Letty ten Harkel
Letty ten Harkel is an Assistant Professor in the Department of Global Archaeology.
To be determined
Letty ten Harkel's interdisciplinary research focuses on the formation and negotiation of identities in the North Sea and Mediterranean regions, forging links between archaeology, heritage management, history, literature and archaeological science. Prior to joining the Leiden team, she worked as a Postdoctoral Researcher on two successive projects for the School of Archaeology at the University of Oxford.
The first of these was the English Landscapes and Identities (EngLaId) project, which ran from 2011-2016 and investigated long-term patterns of landscape use in England from c. 1500 BCE to c. 1100 CE. Letty was the early medieval specialist on the project, working closely with colleagues focusing on the Roman and later prehistoric periods.
The second (ongoing) project is the Endangered Archaeology in the Middle East and North Africa (EAMENA) project, a collaboration between the UK universities of Oxford, Leicester and Durham, which promotes the protection of archaeology and heritage in the MENA region. In this context, Letty took a leading role in a number of field projects in Lebanon as well as remote sensing work in South Sinai.
In addition to this, Letty has actively pursued a research agenda investigating early medieval identities in the wider North Sea region through her Fell grant-funded Medieval Migrants of the North Sea World (MMNSW) project and its precursor, the Investigating the Dead in Early Medieval Domburg project. A common thread through Letty’s varied research portfolio is a deep interest in how people in the past related to each other, and how we, as archaeologists, relate to the past.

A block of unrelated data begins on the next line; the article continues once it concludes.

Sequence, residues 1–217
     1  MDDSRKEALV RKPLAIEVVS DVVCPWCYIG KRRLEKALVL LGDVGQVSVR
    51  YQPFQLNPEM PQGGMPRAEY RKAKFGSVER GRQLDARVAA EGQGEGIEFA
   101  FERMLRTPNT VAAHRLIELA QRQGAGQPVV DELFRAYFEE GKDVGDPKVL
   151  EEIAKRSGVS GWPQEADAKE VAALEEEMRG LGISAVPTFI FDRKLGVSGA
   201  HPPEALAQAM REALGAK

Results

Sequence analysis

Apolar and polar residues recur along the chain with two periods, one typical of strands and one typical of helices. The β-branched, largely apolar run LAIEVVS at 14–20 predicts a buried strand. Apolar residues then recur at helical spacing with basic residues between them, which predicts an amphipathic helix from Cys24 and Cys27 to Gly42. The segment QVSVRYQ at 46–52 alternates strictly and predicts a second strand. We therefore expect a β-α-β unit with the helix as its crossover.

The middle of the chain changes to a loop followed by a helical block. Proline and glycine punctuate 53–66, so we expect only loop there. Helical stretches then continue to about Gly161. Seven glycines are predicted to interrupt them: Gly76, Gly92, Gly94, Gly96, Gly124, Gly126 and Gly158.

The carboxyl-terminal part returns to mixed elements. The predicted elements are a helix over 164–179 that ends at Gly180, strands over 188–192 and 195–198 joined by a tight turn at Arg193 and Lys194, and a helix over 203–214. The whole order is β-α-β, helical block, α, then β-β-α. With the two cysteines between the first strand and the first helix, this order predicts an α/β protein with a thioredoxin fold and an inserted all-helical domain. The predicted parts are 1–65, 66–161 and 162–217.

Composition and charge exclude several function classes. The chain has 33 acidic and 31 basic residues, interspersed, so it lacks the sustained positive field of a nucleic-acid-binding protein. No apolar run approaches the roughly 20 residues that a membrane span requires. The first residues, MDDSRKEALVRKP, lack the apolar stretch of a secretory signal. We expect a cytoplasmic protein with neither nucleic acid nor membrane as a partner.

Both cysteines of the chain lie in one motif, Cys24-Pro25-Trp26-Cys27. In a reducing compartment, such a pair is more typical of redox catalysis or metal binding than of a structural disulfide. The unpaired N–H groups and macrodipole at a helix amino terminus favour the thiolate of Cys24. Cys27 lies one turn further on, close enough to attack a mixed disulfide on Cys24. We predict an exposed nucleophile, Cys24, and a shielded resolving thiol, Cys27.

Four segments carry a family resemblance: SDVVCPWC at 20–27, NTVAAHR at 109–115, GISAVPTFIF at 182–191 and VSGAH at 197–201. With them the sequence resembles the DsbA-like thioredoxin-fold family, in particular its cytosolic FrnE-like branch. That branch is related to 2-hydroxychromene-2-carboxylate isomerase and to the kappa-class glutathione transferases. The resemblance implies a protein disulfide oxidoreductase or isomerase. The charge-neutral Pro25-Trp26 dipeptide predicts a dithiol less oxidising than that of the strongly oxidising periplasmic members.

Letty’s teaching activities are as wide-ranging as her research background. In addition to providing specialist classes during her PhD and Postdoctoral appointments at Sheffield and Oxford, she has held part-time / affiliate lectureships at Canterbury Christ Church, Reading, and Birkbeck, and has taught extensively in the Oxford University Department for Continuing Education. She has also redesigned the entire archaeology curriculum for (and taught aspects of) the Middlebury College – CMRS Oxford Humanities Study Abroad Program. During her employment as Postdoctoral Researcher on the EAMENA project, Letty was actively involved in the delivery of training programmes to heritage professionals in Egypt, Jordan, Libya and Tunisia, and to academics from Iran (the latter taught in the UK). Letty’s approach is student-focused and practical, aiming to equip students with the necessary tools to tackle complex issues independently.
1996 - 1997 ‘Propedeuse’ English Language and Literature, University of Utrecht
1997 - 2002 ‘Doctoraal’ Mediëvistiek (Medieval Studies), with specialisation in Early Medieval History and Old English, University of Utrecht
2000-2001 Visiting Student in Dept of Anglo-Saxon, Norse and Celtic / Newnham College, University of Cambridge
2002 - 2003 MA in Medieval Archaeology, University of York
2003 - 2006 Field Archaeologist / Archaeological Supervisor, Cambridge Archaeological Unit, University of Cambridge
2006 - 2010 PhD in Archaeology, University of Sheffield
2008 British Council Research Fellow, John W. Kluge Center, Library of Congress, Washington DC
2010 - 2011 Field Archaeologist, various archaeological contractors in London
2011 - 2022 Postdoctoral Researcher, School of Archaeology, University of Oxford
No relevant ancillary activities